While I do project last year’s champ, Stanley, to be unseated I have to admit that it is fully within their power to prove my prognostication wrong.  Randy Johnson is awesome, no doubt.  However, the Sioux’s big free agent acquisition, Kevin Brown has reportedly been “tight” in the spring.  If he’s not ready to contribute for a full season then the Sioux have issues.  The bullpen is very good, but like the Walkers is lacking a truly defined closer.  Antonio Alfonseca appears to be the man at the moment.  The offense would be considered “juggernaut-ish” if not for the left/right imbalance.  Rafael Palmeiro and Bernie Williams will need to produce to keep the opposition honest as Moises Alou, Jeff Kent, Jermaine Dye and Paul LoDuca all swing righty.  Keep an eye on young Joel Pineiro.  Like Giles for the Walkers he could be the spark that helps the Sioux out during the season.


A very close third spot I see occupied by the Bloomington Bees.  The starting rotation is the best in the division as it features young horses Mark Buehrle, Chris Carpenter, Jeff Weaver and CC Sabathia.  But holdover, Mike Mussina is the ace and unquestioned leader.  If Moose is stronger than normal and pushes the youngsters to a higher plane, the Bees’ will finish better than advertised.  The Bees have the best closer in the division, Armando Benitez, who was acquired just recently.  That too is a nice plus for the team.  The offense though makes the Bees difficult to figure.  2001trade acquisition, Juan Gonzalez needs to rebound, as does Vinny Castilla.  Gabe Kapler needs to build on his solid rookie campaign.  Rumor has it that Japanese import, Ichiro, is ready to set the league on fire.  We’ll see.


The last spot falls to the Buckeyes of Columbus, a 2001 playoff participant.  The main reason for the drop-off comes in the form of an unclear rotation that simply is not as strong as their division mates, on paper.  They do return the NL’s leading rookie in the person of Randy Wolf.  But stellar seasons will be needed from the veterans like Kevin Tapani and Denny Neagle.  The Bucks also lack a true closer down in the pen.  The reason the Bucks will perform well and continue to challenge is a young and impressive lineup that features Carlos Beltran, Jeremy Giambi, Richard Hidalgo, Scott Rolen and Jimmy Rollins.  This is not your ordinary cellar dweller.




Text Box: Past NL West Champs
2001: Ocala, 113-49
2000: Ocala, 105-57
1999: Ocala, 93-69
1998: Channel Islands, 103-59
1997: Channel Islands, 80-82
The NL West has come to be dominated by the league’s defending champion, Ocala Ocelots.  I see no indication of that trend ending in 2002.  I do, however see the division improving as a whole with Metropolis in particular looking very bright in years to come.


 The Ocelots will defend their crown with an offense that is the best in the league.  The free agent signing of Brian Giles gives the Ocelots four murderous left-handed hitters: Giles, JD Drew, Shawn Green and Todd Helton.  Around these thumpers Corey can supplement Derek Jeter, Sammy Sosa and Jason Kendall.  Oh my!  If there is a weakness on the Ocelot team it is that the pitching staff, as a whole, does not match with others in the NL.  Javier Vazquez is obviously very good.  He finished second in CY voting and was the MVP of the World Series.  But right now behind him are Glendon Rusch, Jamey Wright and Blake Stein.  The key to the staff will be to see how Weisser works in talented youngsters like Roy Oswat, Adam Eaton and Shawn Chacon.  The pen should be dependable and features a nasty closer in the person of Troy Percival.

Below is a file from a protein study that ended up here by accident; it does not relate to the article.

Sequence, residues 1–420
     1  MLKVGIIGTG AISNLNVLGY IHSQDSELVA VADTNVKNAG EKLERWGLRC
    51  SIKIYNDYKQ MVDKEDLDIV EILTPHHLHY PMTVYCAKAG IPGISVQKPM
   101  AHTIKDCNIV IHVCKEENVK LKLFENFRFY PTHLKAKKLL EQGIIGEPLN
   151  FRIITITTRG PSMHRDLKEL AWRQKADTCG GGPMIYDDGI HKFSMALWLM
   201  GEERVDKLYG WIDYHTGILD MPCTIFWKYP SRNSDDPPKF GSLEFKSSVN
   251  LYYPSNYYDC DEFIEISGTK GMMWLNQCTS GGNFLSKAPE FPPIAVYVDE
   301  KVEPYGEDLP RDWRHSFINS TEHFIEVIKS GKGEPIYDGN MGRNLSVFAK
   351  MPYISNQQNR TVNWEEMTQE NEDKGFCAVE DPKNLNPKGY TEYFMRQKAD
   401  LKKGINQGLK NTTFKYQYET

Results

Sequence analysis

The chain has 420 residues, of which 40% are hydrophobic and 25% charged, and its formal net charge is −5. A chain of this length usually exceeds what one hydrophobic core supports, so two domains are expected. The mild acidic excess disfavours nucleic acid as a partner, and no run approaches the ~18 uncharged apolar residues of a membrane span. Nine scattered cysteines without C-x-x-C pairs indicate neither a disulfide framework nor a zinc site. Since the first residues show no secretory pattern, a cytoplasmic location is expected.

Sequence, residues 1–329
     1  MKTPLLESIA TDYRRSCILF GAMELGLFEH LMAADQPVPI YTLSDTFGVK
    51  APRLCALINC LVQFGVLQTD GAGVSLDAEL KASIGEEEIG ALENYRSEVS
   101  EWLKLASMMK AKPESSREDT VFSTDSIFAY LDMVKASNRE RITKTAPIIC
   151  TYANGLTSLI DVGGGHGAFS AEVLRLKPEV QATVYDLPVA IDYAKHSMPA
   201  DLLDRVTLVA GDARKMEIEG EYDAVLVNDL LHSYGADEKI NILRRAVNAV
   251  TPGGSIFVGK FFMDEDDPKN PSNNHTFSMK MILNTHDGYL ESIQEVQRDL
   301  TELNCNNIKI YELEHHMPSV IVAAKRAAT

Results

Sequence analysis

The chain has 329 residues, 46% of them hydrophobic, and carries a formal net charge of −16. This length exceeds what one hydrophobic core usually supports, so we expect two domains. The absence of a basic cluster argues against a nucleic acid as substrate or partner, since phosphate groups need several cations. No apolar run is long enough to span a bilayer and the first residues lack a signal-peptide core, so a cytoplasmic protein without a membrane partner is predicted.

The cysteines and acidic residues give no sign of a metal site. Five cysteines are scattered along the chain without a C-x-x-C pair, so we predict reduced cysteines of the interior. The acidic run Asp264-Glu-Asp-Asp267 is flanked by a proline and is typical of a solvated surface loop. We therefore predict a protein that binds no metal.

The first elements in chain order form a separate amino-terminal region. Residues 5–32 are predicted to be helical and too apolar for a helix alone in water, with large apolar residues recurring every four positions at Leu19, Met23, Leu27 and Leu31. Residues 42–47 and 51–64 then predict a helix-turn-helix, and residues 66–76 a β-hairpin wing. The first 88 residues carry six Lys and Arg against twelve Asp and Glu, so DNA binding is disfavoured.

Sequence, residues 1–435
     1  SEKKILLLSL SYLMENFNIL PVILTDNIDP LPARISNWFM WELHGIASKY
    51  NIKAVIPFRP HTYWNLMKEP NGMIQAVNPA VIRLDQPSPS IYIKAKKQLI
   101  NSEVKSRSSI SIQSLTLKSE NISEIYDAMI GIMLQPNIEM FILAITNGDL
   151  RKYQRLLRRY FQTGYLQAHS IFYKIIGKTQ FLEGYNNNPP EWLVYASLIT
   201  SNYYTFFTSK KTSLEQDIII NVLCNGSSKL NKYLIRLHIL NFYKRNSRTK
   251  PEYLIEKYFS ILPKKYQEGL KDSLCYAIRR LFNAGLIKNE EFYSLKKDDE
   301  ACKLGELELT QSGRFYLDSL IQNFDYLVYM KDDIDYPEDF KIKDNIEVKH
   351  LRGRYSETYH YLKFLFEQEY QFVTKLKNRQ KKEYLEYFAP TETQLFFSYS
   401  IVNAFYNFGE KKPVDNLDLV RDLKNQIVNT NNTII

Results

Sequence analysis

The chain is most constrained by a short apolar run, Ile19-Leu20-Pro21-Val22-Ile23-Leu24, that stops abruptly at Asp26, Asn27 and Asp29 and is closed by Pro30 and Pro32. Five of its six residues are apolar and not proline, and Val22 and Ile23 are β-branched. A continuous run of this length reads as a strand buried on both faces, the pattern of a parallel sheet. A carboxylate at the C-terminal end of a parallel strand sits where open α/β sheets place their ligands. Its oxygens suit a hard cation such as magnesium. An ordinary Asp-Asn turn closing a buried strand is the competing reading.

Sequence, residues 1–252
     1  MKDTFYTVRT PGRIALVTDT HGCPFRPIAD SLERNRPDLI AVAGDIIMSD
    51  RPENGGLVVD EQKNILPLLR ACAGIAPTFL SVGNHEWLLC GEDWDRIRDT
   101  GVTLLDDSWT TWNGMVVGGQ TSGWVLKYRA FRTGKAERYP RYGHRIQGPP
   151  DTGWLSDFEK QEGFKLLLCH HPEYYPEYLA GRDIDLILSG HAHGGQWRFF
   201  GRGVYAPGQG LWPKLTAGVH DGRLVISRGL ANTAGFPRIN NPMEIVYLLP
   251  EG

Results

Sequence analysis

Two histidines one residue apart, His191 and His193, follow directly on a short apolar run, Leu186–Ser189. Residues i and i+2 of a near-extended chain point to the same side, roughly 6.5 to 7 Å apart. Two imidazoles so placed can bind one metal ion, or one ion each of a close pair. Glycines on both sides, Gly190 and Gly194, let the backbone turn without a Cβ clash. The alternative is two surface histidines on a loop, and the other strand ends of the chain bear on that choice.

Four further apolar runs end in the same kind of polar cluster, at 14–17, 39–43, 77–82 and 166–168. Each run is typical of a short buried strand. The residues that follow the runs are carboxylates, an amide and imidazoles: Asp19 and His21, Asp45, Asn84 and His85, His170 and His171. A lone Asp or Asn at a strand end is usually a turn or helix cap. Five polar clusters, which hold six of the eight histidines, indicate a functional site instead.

One of the teams making the most off-season noise was Gem City.  Dave rocketed through free agency, landing big time players.  He made many trades.  All in the hope of chasing down the Ocelots.  He’s closer, but methinks he positioned himself very well for a playoff spot regardless of the Herculean Ocelots.  The revamped starting rotation is now built around Chan Ho Park and Daryl Kile.  Both of these vets were integral members of playoff squads last year and Dave obviously needs that experience to carry over to 2002.  The pen is deep and flexible enough to be a weapon for the Pack.  Closing games now for the Wolfpack will be free agent signee, Jason Isringhausen.  The offense has on base and the requisite number of thumpers.  The recent trade acquisition of Frank Catalanotto should prove very important.  Dave will also need the old legs of Steve Finley and Rickey Henderson to continue getting on base for his sluggers.  They come in the form of Carlos Delgado, Pudge Rodriguez, Greg Vaughn and free agent steal, Reggie Sanders.


At number three is North Georgia.  Tony’s boys look improved.  The starting pitching should be functional behind the likes of Jason Bere, Jon Lieber and Scott Schoeneweis.  The bullpen could be above average has it is deep and talented.  Look for recent first-round draftee, John Smoltz, to close games out in 2002.  The offense lacks pop and in BRASSball that is not good.  Fred McGriff just can’t hit enough dingers for these guys.  If Brian Jordan, Placido Polanco and Edgar Renteria all pick it up I see no reason why the Yellow Jackets can’t get back up to .500


Ah, last in BRASSball, but first in Metropolis are the Avengers.  Andy appears just about ready to unleash his barrage of talent- next year.  I have no idea who will pitch month to month for these guys other than Tony Armas.  Same goes for the offense, but Aramis Ramirez could very well become an all-star performer for years to come.  The Avengers mantra continues to be “youth, youth, youth.”  When it’s all finally assembled and rolled out it could be scary for the rest of BRASSball.